Survivors include: his loving wife, Betty; four children and their spouses, Laura Campbell, Harvey Jr. and Karen James, Jeff and Elaina James and Melody Jennings; two siblings, Dan Reinert and Jean Barton; nine grandchildren; and eight great-grandchildren.

He was preceded in death by his parents and a son-in-law, Skip Campbell.

A celebration of life will be held on Saturday, Feb. 2, at 2 p.m. at Park Place Church.

Arrangements: Duyck & VenDeHey Funeral Home.

Raymond L. Johnson

July 18, 1922 - Jan. 19, 2013

Raymond L. Johnson passed away peacefully in his Milwaukie home on Jan. 19, at the age of 90.

He was born in Poplar Bluff, Mo., to parents John and Florence on July 18, 1922. He was raised in Poplar Bluff.

He joined the U.S. Navy in 1941 and served until 1947, being honorably discharged as a Pearl Harbor survivor. On Jan. 18, 1947, he married the love of his life, Peggy Ryan. Mr. Johnson worked as a mill worker at Publishers Paper until his retirement in 1979.

He is survived by: his daughters, Becky, Vickie and Mickie Johnson; son, David Johnson; 16 grandchildren; 29 great-grandchildren; and four great-great-grandchildren. He was preceded in death by: his wife, Peggy, who passed away in 1999; mother, Florence Conover; father, John Johnson; brother, Harold Johnson; and sister, Norma Johnson.

A memorial service with military honors at Willamette National Cemetery will take place on Wednesday, Jan. 30, at 3 p.m. To sign the online guest book and light a candle in his honor visit anewtradition.com

Arrangements: Crown Memorial Center Milwaukie.

Fritz L. Kramer

March 18, 1918 - Jan. 14, 2013

Milwaukie resident Fritz Kramer died on Jan. 14.

He was born in Vienna, Austria, on March 18, 1918, to Arpad and Marianne (Stempel) Kramer. He was an only child, orphaned at the age of 12. He attended the Schwartzwald School and the Vienna Handelsakademie.

He left Austria for the United States in 1939 and worked various jobs in New England. He was the first paid ski patrolman at Mt. Mansfield in Stowe, Vt.

In 1942, he enlisted in the U.S. Army in Ft. Lewis, Wash., and served in the 10th Mountain Division, including as a rock-climbing instructor at Seneca Rocks, W.V. He served as a medic in Italy at Riva Ridge, earning a Bronze Star. After the war he remained in Europe as a translator for the U.S. War Department, working in Vienna until 1946.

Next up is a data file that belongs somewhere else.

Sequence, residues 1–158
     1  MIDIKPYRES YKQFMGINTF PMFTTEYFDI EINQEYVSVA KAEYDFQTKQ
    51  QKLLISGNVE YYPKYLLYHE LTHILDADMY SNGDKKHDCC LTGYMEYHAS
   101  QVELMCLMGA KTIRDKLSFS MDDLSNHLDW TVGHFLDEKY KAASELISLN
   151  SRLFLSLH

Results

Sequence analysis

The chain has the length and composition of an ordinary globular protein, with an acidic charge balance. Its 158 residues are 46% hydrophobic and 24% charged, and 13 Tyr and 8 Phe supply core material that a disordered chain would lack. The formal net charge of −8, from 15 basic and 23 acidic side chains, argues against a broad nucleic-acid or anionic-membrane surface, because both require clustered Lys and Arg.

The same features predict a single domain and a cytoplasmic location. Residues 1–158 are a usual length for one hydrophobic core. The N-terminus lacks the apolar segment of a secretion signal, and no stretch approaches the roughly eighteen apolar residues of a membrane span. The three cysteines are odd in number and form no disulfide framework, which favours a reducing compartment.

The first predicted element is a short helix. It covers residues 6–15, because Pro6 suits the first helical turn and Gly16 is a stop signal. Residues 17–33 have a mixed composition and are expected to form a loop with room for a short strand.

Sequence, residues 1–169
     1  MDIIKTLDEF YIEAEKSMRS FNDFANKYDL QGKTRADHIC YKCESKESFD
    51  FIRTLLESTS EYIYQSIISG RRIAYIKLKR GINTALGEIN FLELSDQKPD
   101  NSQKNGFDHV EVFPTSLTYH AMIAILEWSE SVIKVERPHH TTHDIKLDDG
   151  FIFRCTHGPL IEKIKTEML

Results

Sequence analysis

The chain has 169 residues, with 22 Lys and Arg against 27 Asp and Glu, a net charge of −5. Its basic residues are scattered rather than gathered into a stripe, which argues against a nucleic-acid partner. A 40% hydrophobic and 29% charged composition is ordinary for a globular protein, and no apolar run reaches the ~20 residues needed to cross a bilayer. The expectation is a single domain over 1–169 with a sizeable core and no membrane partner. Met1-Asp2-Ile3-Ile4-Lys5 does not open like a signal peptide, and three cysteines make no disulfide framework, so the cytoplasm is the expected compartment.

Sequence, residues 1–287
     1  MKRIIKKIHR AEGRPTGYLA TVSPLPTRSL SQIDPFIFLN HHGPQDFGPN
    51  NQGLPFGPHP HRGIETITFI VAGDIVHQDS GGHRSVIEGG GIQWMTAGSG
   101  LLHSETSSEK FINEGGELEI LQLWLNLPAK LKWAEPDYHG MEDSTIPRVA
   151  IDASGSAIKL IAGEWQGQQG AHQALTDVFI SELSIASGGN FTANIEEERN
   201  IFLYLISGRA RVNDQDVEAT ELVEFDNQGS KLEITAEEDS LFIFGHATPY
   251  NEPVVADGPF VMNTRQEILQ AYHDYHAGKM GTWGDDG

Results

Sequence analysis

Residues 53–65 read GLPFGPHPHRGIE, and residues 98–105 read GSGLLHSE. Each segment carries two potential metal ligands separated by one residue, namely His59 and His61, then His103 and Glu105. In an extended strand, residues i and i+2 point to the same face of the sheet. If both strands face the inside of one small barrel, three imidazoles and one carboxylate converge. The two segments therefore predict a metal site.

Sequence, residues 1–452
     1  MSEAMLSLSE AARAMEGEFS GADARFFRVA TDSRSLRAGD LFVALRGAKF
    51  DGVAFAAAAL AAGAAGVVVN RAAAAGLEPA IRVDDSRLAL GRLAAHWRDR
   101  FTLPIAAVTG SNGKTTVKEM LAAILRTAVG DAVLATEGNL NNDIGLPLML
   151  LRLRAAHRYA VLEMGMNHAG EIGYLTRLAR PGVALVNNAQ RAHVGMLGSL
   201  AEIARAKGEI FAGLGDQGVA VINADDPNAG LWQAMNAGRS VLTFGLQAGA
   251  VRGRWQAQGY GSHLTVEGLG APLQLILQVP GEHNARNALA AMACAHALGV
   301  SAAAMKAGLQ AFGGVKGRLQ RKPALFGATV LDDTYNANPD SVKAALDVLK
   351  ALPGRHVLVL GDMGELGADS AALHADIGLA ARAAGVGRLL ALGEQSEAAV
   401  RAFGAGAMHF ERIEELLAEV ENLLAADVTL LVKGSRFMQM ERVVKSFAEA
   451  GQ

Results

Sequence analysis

After the war, Mr. Kramer earned his bachelor’s degree at the University of Washington and worked as a ski instructor in Sun Valley, Idaho, and a ski patrolman and instructor at Stevens Pass, Wash. He met Mary Deming through the National Ski Patrol in Seattle, and they were married in 1949.

He received his master’s degree and Ph.D. from the University of California at Berkeley. He taught geography at Allegany College, University of Nevada, University of California, University of Oregon, Colorado College, Sacramento State University and Portland State University. Among his favorite university activities were serving as the director of the European Studies Institute, Zagreb, Yugoslavia, in 1972, and as the resident director of the Oregon Study Center in Stuttgart and Tuebigen, Germany, from 1977-1980 and 1982-1983. He retired from Portland State University in 1984.

Mr. Kramer and his family enjoyed skiing, camping, hiking and exploring the outdoors. He loved the small farm they lived on in Portland, raising sheep, chickens, geese and produce.

After retirement, he and his wife traveled extensively. He was very active with the Austrian-American Society of Oregon as a founding member and president for many years.

In his last years he resided at Willamette View. Throughout his life he had sketched and painted as a hobby. The Artworks program at Willamette View re-ignited his passion for the arts, and he spent much time creating drawings, paintings and poetry with the Artworks staff.